Two of Us

By Ross Howard; Directed by Sarah Norris
Produced by Michael Aguirre and the New Light Theater Project

Off Off Broadway, Play
Runs through 11.12.16
Access Theater, 380 Broadway


by Lexi Orphanos on 10.28.16


Two of UsDan Fenaughty, Lea McKenna-Garcia, Christopher Daftsios, and Chris Berte in Two Of Us. Photo by Hunter Canning.


BOTTOM LINE: Two of Us pairs one of the country’s most famous assassinations with one of its most beloved books: who knew Holden Caulfield pulled the trigger on John Lennon?

Mark and Gloria Chapman, our “Him” (Chris Bert) and “Her” (Vivian Chiu) of the story, enter The Two of Us as faces whom the audience likely knows too well. It is nearly impossible for anyone who has ever listened to The Beatles to not know that John Lennon was assassinated by Chapman in December 1980. It's a story that many witnessed first hand; doubtless some in the audience will remember every detail of that very day. Basing a ninety-minute play upon an event that so radically shook the world is already a challenge; who’s to say that this interpretation is correct? Despite this obstacle, writer Ross Howard—whose works are currently being celebrated as part of a “Ross Howard Festival” with the New Light Theater Project—crafts this drama into a dissection of the relationships and mental instabilities that lead Chapman to pulling the trigger that night.

Gloria and Mark undoubtedly have their issues in their Honolulu home following Mark’s loss of yet another job. When the two need help most, figments of their respective imaginations join them onstage. For Mark, he is accompanied by Robert (Christopher Daftsios), a British businessman obsessed with settling debts, dressed in a jazzy suit and bowler à la London’s Kray brothers of the 1960s. Robert tends to stir up wild ideas within Mark, treating the thought of assassinating John Lennon as Mark’s duty. Gloria’s visions come to her in the form of the biblical Sarah, wife of Abraham. As Gloria turns toward the bible to save her marriage and her husband’s sanity, Mark turns toward his own books: The Catcher in the Rye and a photo book of John Lennon.The gap between husband and wife grows wider as Gloria preaches submission to kindness and Mark becomes a rightful Holden Caulfield, rejecting “phonies” at any chance possible.

As a Salinger fan myself, this presence really brought to life a story I thought I already knew. Although the dramaturgical work (editor note: by Theasy's Founding Editor Molly Marinik) is fantastic, it is interesting to notice how many thematic, most likely fictional parallels run between these historical accounts of Mark Chapman and J.D. Salinger’s story. Mark feels like a failure surrounded by a world of liars, and wants to kill John Lennon, the celebrity who never practiced what he preached. Mark wants his voice heard in the same way that Holden fantasizes about committing a noble act, even if it means he’ll die. When this becomes apparent, escapism within New York shines through. As his wife even points out, the book is entirely to blame for why Mark is suddenly so fixated on stopping the “phonies” of the world. In more minute moments Mark, like Holden, is curious about where the birds on the pond in Central Park go for the winter, and even has the same exact exchange with a prostitute in a freshly cleaned green dress.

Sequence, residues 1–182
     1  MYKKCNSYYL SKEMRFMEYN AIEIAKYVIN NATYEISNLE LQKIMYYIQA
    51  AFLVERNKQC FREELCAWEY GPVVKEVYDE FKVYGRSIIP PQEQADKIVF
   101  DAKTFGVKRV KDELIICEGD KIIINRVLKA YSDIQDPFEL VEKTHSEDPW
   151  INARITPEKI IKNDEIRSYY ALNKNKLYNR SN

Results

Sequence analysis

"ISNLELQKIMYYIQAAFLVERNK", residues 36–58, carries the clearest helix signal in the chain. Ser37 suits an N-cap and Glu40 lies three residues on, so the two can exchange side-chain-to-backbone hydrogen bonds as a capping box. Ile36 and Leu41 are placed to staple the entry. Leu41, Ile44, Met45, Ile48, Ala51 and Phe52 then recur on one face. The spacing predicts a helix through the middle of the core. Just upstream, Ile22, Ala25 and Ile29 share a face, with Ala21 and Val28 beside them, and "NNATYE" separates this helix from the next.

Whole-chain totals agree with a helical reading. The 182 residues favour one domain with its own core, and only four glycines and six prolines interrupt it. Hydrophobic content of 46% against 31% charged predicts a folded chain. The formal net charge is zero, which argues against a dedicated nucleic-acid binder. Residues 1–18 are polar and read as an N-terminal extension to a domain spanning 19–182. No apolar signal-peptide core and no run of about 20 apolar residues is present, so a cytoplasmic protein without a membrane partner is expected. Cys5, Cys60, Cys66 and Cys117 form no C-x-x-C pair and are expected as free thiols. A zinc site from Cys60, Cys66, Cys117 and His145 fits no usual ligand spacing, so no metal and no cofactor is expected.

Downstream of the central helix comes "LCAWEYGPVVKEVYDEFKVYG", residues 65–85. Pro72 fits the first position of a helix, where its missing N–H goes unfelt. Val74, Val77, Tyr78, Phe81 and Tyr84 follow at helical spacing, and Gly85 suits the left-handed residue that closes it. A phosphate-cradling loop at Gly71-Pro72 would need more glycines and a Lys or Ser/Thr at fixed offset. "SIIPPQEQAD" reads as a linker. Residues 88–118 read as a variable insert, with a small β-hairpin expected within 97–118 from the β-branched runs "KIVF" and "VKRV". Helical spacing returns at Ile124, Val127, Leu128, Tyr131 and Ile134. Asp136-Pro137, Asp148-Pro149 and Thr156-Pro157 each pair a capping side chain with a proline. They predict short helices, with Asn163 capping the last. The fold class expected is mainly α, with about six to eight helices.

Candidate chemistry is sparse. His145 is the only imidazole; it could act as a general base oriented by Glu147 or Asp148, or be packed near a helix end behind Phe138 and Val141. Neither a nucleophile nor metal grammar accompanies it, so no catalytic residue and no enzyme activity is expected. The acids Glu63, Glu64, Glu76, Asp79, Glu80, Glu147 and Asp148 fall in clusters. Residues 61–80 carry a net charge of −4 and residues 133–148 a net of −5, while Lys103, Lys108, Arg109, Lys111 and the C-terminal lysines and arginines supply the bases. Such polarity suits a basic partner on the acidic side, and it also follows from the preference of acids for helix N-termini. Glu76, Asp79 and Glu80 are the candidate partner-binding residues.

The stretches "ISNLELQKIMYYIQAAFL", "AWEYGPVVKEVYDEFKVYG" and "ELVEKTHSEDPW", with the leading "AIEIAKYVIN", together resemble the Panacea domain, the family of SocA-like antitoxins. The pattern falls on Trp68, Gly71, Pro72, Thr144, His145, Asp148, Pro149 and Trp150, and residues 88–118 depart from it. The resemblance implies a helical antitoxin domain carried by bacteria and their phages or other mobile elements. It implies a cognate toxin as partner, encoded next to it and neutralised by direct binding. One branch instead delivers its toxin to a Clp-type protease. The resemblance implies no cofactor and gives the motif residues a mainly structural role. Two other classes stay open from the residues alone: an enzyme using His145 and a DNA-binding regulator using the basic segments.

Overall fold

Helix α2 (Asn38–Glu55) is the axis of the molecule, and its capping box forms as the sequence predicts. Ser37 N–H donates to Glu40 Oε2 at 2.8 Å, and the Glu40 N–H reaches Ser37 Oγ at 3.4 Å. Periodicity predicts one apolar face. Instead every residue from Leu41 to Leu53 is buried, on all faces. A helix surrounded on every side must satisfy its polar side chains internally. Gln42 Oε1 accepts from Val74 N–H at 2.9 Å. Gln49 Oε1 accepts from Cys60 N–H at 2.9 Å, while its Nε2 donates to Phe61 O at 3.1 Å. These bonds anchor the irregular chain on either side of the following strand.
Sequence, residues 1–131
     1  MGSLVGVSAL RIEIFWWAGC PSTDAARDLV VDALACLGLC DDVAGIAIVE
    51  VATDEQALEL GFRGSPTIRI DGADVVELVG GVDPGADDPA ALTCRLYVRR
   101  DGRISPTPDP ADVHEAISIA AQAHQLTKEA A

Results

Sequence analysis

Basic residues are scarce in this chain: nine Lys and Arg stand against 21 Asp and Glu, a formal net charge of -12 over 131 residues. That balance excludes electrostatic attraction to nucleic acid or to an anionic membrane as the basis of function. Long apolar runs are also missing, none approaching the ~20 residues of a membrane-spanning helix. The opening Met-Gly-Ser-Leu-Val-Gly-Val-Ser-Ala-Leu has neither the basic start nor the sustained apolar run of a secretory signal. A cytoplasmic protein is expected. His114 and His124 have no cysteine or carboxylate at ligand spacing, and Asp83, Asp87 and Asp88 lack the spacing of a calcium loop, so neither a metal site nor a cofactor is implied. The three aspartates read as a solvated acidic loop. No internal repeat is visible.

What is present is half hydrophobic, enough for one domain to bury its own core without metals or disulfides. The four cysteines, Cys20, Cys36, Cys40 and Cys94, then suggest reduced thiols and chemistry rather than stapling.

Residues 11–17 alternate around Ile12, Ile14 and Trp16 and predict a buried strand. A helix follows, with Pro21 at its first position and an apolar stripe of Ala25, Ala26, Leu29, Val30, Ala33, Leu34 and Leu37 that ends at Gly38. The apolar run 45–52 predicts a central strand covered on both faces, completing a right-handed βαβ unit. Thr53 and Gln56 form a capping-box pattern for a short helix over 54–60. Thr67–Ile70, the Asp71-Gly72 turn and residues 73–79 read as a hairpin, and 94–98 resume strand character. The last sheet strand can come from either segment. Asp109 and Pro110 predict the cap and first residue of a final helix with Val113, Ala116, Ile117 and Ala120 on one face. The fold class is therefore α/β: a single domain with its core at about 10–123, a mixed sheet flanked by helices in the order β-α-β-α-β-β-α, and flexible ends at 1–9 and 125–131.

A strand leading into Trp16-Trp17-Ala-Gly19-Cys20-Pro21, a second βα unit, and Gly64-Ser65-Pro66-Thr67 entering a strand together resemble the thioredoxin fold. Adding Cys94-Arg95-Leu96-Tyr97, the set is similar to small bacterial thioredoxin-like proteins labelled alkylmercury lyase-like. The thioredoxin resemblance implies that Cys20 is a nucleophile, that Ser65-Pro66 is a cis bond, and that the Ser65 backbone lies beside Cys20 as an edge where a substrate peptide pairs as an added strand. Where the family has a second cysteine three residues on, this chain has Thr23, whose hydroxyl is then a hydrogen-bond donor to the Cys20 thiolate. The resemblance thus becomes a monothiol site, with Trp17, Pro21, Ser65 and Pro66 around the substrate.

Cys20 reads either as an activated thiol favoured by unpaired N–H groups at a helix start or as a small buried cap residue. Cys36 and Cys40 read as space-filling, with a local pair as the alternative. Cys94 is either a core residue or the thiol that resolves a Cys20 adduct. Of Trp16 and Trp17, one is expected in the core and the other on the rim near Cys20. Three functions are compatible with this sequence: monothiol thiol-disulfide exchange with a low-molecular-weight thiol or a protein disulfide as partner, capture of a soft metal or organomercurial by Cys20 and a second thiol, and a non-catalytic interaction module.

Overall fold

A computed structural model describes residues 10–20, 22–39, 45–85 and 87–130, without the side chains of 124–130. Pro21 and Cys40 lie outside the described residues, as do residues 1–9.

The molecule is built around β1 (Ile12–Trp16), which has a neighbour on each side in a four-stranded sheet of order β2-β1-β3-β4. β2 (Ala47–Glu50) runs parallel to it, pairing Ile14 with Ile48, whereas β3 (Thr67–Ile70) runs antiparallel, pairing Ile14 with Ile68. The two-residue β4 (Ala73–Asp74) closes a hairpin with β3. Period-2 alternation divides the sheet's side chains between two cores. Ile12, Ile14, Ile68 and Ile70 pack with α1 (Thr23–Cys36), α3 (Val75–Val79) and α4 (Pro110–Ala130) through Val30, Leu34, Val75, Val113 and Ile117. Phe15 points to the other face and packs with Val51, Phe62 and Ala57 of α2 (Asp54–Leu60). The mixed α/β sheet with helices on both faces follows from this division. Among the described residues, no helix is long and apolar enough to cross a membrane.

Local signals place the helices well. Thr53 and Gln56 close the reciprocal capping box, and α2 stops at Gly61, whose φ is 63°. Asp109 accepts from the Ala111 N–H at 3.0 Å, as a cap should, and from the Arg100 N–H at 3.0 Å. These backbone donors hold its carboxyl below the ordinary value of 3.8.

This, juxtaposed with a set designed to imitate a monochrome version of Piet Mondrian’s “Composition II in Red, Blue, and Yellow” and a series of That 70’s Show-esque interludes in which we see the cast transitionally dancing in front of a tie dye background, creates a confusing theatrical environment. On one hand, it seems as though perhaps these transitions and the set exist to show just how out of place Mark Chapman is—his social skills are a bit lacking, especially sexually, and the musical transitions allow the audience to see his stiff attempts at dancing. But the transitions tend to cut off all of the tension built up in the previous scene. Although perhaps it’s a good thing that a piece focusing on a celebrity assassination doesn’t take itself too seriously and allows a wide margin for comic relief, no matter how whimsical.

Although the story of Mark and Gloria Chapman is exceptionally volatile, the overall message comes across: everyone just wants to be a catcher in the rye, saving someone from falling off the cliff, and sometimes we are the ones who need to be scooped up and brought back to earth. Even if this extended metaphor  doesn’t work for you, you may still leave wanting to find your high school copy of The Catcher in the Rye and give it another read—I know I did.

(Two of Us plays at the Access Theater, 380 Broadway, through November 12, 2016. The running time is 90 minutes with no intermission. Performances are Wednesday and Friday at 8, Saturday at 8:45, and Sunday at 7:45. Tickets are $15-$30 and are available at For more information visit


Two of Us is by Ross Howard. Directed by Sarah Norris. Scenic design by Brian Dudkiewicz. Costume design by Genevieve V. Beller. Lighting design by Michael O’Connor. Sound design by Andy Evan Cohen. Projection design by Zach Griffin. Choreography by Arthur L. Ross. Associate scenic design and prop design by Samantha Schaffer. Technical direction by Paul Passaro. Production management by Joshua Shain. Production stage management by Erikka Anderson. Assistant stage management by Lindsey Hurley. Master electrician David Shocket. Dramaturgy by Molly Marinik. Casting by Stephanie Klapper. Casting assistance by Alexa Magnotto and Ari Rudess. Press representation by Ron Lasko (SpinCycle). Logo design by Cody Butcher. Produced by Michael Aguirre and the New Light Theater Project.

The cast is Chris Bert, Vivian Chiu, Christopher Daftsios, Dan Fenaughty, Lea McKenna-Garcia, and Janae Mitchell.